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MBTA Driver: No Warning In 2009 Green Line Crash

Transit workers said they had no warning of an impending accident at the moment a fellow driver allegedly distracted by text messaging smashed his trolley into theirs in the tunnel outside a station.

Jimmy Zhu said his trolley was stopped outside the Government Center station at about 7:15 p.m. when the other trolley barreled into his, shutting down the trolley's lights and sending passengers into a panic. Dozens of people were injured.

"All of a sudden, there was an impact. The lights - the lighting on my train went out, and people were yelling and screaming," Zhu said in an interview with investigators from the National Transportation Safety Board.

His interview was among dozens of documents related to the crash that the agency released Wednesday. Massachusetts Bay Transportation Authority has blamed the crash on the driver's inattentiveness. The NTSB has yet to reach its own conclusion about the probable cause, and its final report isn't expected for months.

Zhu was the operator in charge of the rear part of the train that was hit.

"I went back into the passenger compartment, I guess, to assess the injuries. There were several injuries, head lacerations or lacerations in general, and orthopedic injuries," Zhu said. "People were in a panic state. I tried to keep my composure to see however I could help."

The accident occurred as a 24-year-old Green Line operator, Aiden Quinn, was typing a text message on his cell phone, according to an MBTA review of phone records, transportation documents and witness testimony.

As Quinn was texting, MBTA officials said, he ran through yellow and red warning lights and into the two-car train ahead of him between the Government Center and Park Street stations. He was fired and indicted on a felony charge of grossly negligent operation.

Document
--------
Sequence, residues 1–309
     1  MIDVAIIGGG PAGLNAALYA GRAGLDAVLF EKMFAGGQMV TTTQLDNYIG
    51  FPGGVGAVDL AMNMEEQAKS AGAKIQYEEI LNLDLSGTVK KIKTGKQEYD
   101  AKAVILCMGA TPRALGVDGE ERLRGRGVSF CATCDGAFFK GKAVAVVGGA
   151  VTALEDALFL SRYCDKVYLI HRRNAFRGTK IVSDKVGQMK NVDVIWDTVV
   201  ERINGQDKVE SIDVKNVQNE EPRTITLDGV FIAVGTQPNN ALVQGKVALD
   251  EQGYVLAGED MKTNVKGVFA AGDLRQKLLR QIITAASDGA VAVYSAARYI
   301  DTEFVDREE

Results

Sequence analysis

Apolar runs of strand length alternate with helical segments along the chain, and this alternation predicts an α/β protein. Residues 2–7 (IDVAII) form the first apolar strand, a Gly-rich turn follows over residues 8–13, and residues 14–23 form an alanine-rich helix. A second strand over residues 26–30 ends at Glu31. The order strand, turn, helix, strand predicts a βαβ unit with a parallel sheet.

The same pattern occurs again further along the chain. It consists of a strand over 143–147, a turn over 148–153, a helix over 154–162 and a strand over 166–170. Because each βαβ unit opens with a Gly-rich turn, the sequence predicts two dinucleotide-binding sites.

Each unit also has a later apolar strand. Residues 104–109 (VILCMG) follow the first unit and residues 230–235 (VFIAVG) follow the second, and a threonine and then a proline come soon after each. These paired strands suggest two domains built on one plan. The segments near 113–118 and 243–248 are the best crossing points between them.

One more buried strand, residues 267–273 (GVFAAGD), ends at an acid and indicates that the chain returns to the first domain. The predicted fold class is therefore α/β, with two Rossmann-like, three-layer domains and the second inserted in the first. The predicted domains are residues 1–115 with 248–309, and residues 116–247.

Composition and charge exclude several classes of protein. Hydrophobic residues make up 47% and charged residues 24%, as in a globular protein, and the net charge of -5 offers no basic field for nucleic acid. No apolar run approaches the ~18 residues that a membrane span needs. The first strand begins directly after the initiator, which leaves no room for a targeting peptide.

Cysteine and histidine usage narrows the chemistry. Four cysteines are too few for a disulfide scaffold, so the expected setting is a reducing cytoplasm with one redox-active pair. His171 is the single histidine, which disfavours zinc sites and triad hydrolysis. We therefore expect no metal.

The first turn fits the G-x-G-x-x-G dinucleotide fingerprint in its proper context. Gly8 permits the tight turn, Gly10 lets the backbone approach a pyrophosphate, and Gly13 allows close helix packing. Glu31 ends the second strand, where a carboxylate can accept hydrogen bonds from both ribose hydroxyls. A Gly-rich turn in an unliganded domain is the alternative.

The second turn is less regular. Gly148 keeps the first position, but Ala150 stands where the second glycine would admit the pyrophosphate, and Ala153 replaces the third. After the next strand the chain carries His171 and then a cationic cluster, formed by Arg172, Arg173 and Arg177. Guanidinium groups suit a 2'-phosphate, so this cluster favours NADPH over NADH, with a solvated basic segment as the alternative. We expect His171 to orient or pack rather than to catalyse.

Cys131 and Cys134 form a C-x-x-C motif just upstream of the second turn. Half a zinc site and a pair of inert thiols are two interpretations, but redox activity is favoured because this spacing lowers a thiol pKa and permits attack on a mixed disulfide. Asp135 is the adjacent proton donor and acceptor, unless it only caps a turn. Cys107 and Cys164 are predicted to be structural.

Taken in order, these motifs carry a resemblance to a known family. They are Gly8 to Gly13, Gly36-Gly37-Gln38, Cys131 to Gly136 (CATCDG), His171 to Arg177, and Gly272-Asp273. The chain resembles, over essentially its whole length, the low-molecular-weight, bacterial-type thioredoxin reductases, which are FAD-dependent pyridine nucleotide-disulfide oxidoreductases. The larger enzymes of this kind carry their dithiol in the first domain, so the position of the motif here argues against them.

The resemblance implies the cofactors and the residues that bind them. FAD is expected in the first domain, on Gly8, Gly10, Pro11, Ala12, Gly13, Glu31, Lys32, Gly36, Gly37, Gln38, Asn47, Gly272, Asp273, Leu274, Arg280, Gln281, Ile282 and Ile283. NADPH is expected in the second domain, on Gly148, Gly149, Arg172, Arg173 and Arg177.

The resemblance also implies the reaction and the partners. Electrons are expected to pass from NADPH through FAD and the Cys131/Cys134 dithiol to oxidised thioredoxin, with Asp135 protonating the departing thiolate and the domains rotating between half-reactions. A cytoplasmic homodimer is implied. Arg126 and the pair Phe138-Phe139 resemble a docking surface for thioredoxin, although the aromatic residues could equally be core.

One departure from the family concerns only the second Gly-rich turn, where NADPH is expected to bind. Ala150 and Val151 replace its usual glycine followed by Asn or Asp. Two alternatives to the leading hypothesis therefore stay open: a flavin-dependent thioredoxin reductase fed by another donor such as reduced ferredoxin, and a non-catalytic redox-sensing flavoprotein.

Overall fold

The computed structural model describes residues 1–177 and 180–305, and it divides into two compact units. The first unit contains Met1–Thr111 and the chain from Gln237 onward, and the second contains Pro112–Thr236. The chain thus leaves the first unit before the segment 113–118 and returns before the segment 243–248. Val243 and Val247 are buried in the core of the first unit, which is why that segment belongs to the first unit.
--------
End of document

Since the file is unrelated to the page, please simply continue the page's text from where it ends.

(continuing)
An interview with Quinn was not included in the documents released Wednesday, though Zhu's testimony and other field reports released by the NTSB provide some eyewitness accounts and additional details.

The operator of Zhu's trolley, Cindy Gillespie, was in the front of the trolley car, which stopped at a red light. She said two trains were stopped ahead of hers waiting to get into the next station.

Like Zhu, she said she had no warning before the crash.

"He hit me pretty hard. My whole body jerked. It threw my eyeglasses off," she said. "I was, like, thunderstruck. I didn't know what happened."

Gillespie, who said her back and neck ached after the crash, said the lights were still on in the front part of the trolley. She said she got up to check on the passengers.

"There was a lady behind me with two small children that was saying 'Oh, my back, my back,"' Gillespie said. "So I went over to them to make sure they were all right. I said, 'I don't know what happened, but somebody will be here."'

Zhu, who wasn't hurt, said it took about five minutes for rescue officials to arrive and begin treating the injured.

After the accident, the Massachusetts Bay Transportation Authority enacted a strict policy requiring any operator caught using a cell phone on the job to be suspended for 30 days, with a recommendation that they be fired.

An operator caught carrying a cell phone while working is suspended for 10 days. If caught carrying one again, the penalty is the same as if they had been using it.

At least 22 drivers have been disciplined since the new regulations went into effect.

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This program aired on November 10, 2010. The audio for this program is not available.

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